South Pole explorer dies in historic attempt
Veteran polar explorer Henry Worsley met his end in his attempt to become the first man in history to cross the Antarctic continent solo, completely unsupported and unaided. After 71 days of enduring the extreme conditions, Worsley called for a rescue 30 miles from his destination. Worsley was subsequently flown to a hospital in Southern Chile, where he succumbed to peritonitis, an abdomen infection.
Who is Henry Worsley?
Born in 1960, Henry Worsley had a 36-year long career in the British Army, serving in the Royal Green Jackets and Rifles Regiment, before retiring in October 2015. In 2001, Worsley was the commander of Operation Veritas - Britain's military intervention in Afghanistan. Worsley also had a passionate interest in Antarctic explorers of the Edwardian age - the likes of Shackleton, Scott and Amundsen.
Worsley's previous expeditions to the Antarctic
In 2008-09, Henry Worsley led his first expedition to the Antarctic to commemorate Ernest Shackleton's 1907-09 expedition which pioneered a route through the Transantarctic Mountains to a point just 97 miles from the South Pole. Worsley returned to Antarctica leading a team of six soldiers in 2011-12 to commemorate Captain Robert Falcon Scott's and Roald Amundsen's 1912 race to the South Pole.
Henry Worsley embarks on historic expedition
Henry Worsley arrived at his starting point - Berkner Island, Antarctica, to embark on an unassisted and unsupported crossing of the Antarctic continent. "I know I'm going to suffer...and I know I'm going to have bad days," said Worsley. A descendant of Frank Worsley, whose seamanship during 1914-1915 saved explorer Ernest Shackleton's men, Henry wanted to retrace Shackleton's planned route across the Antarctic landmass.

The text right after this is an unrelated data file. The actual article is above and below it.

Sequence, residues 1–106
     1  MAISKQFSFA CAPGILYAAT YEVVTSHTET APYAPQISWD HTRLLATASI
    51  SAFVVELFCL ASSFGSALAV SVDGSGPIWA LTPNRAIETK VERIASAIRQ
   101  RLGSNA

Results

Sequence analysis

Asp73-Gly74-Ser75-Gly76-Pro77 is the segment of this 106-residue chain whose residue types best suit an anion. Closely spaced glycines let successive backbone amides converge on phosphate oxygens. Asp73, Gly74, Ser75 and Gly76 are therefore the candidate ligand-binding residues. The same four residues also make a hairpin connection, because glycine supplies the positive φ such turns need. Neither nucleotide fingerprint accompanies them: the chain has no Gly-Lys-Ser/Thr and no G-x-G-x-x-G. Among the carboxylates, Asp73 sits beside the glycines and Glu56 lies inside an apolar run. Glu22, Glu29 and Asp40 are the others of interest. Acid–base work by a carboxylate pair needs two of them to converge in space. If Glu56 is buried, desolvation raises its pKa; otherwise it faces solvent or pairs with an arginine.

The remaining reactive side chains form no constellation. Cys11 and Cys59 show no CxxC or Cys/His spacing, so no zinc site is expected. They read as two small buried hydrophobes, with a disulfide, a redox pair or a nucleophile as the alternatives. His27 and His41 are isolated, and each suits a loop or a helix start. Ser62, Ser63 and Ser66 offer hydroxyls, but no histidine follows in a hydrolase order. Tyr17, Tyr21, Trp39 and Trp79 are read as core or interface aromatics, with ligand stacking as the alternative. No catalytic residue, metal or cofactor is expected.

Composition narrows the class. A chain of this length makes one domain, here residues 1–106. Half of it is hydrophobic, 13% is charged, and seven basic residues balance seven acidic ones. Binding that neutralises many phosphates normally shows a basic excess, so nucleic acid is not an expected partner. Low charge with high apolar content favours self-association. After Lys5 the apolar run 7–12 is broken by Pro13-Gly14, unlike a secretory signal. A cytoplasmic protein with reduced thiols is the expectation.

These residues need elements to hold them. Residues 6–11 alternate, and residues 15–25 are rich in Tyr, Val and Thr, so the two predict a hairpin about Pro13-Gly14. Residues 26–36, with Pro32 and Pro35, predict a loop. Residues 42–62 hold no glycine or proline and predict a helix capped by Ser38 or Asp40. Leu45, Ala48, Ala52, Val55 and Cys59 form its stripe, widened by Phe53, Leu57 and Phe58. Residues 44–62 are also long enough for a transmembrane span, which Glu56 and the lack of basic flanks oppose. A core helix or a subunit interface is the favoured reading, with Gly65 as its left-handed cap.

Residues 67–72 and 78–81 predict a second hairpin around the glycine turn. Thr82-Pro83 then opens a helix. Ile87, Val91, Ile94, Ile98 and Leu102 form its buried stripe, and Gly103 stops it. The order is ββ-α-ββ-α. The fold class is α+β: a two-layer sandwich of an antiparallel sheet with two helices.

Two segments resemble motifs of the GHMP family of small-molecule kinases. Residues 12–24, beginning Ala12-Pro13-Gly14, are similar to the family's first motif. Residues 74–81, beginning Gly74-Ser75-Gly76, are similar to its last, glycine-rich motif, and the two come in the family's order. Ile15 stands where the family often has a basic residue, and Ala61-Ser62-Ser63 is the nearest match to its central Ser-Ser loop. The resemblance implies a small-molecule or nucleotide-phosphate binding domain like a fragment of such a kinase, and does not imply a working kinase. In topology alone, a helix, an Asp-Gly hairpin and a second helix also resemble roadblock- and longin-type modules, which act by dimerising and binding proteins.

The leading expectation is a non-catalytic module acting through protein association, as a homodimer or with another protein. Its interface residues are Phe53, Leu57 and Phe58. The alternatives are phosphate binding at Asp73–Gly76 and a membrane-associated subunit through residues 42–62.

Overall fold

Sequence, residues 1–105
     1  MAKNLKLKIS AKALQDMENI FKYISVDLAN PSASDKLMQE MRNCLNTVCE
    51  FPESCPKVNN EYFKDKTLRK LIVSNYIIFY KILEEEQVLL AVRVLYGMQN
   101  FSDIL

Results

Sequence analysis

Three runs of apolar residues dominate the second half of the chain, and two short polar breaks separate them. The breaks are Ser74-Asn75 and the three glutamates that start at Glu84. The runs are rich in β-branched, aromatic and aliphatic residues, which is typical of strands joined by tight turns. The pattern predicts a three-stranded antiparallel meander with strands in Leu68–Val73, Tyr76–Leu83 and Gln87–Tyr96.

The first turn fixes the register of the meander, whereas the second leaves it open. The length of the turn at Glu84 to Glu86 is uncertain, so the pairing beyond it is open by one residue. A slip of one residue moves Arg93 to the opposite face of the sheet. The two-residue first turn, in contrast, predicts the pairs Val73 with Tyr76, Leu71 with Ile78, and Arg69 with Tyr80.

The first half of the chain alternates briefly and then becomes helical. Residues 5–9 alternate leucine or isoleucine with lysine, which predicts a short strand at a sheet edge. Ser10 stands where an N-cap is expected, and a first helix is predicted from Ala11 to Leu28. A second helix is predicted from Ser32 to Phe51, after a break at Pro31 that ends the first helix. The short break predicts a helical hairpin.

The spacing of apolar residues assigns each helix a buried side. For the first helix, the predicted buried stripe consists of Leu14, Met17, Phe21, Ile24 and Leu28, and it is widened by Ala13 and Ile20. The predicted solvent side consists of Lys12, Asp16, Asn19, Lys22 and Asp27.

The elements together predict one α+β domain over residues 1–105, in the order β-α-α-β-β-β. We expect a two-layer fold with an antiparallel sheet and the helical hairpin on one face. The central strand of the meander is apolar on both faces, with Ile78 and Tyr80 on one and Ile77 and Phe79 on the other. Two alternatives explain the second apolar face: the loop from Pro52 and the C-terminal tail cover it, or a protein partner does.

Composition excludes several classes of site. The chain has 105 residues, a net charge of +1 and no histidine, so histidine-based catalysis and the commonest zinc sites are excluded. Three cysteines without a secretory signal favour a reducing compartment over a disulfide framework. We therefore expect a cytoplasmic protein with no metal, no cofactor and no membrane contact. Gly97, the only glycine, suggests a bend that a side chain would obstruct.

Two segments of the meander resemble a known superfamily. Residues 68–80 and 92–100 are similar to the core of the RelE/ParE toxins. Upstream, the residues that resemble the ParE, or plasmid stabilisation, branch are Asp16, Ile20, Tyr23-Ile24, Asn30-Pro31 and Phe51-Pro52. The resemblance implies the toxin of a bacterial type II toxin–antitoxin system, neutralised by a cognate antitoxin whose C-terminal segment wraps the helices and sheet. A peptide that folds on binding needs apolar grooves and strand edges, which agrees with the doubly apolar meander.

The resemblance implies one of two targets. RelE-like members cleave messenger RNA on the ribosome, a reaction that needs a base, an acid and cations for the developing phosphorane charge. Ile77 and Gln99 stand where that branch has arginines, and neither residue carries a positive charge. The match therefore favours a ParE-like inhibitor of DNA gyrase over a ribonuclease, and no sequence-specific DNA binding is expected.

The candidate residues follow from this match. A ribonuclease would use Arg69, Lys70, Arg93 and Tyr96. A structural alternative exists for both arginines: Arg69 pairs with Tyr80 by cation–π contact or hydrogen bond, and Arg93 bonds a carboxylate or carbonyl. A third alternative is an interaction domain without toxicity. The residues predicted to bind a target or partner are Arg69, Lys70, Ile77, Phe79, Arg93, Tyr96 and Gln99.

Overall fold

Henry Worsley and the Endeavour Fund
The Endeavour Fund was created in 2012 by the Royal Foundation, supported by the Duke and Duchess of Cambridge and Prince Harry, for supporting the recovery of injured and sick servicemen and women. Worsley set out on his expedition with the aim of raising more than £100,000 for the charity. Before his demise, Worsley had exceeded his goal according to the Endeavour Fund website.
Antarctic explorers who went solo
In 1996-1997, Norwegian explorer Borge Ousland crossed the Antarctic landmass alone and unsupported, although he used a kite to pull his sled. In 2012, British explorer, Felicity Aston completed the journey alone, albeit assisted by two supply drops.
Worsley's final journey
At the start of his journey on 13 November 2015, Worsley carried over 135 kilograms of supplies for the 80 day journey. Braving temperatures of -44 degrees Celcius, Worsley travelled alone for 71 days covering a massive distance of 913 miles. Worsley reached the South Pole on 2 January 2016 (Day 51) with deteriorating health, and started on the final leg of the journey.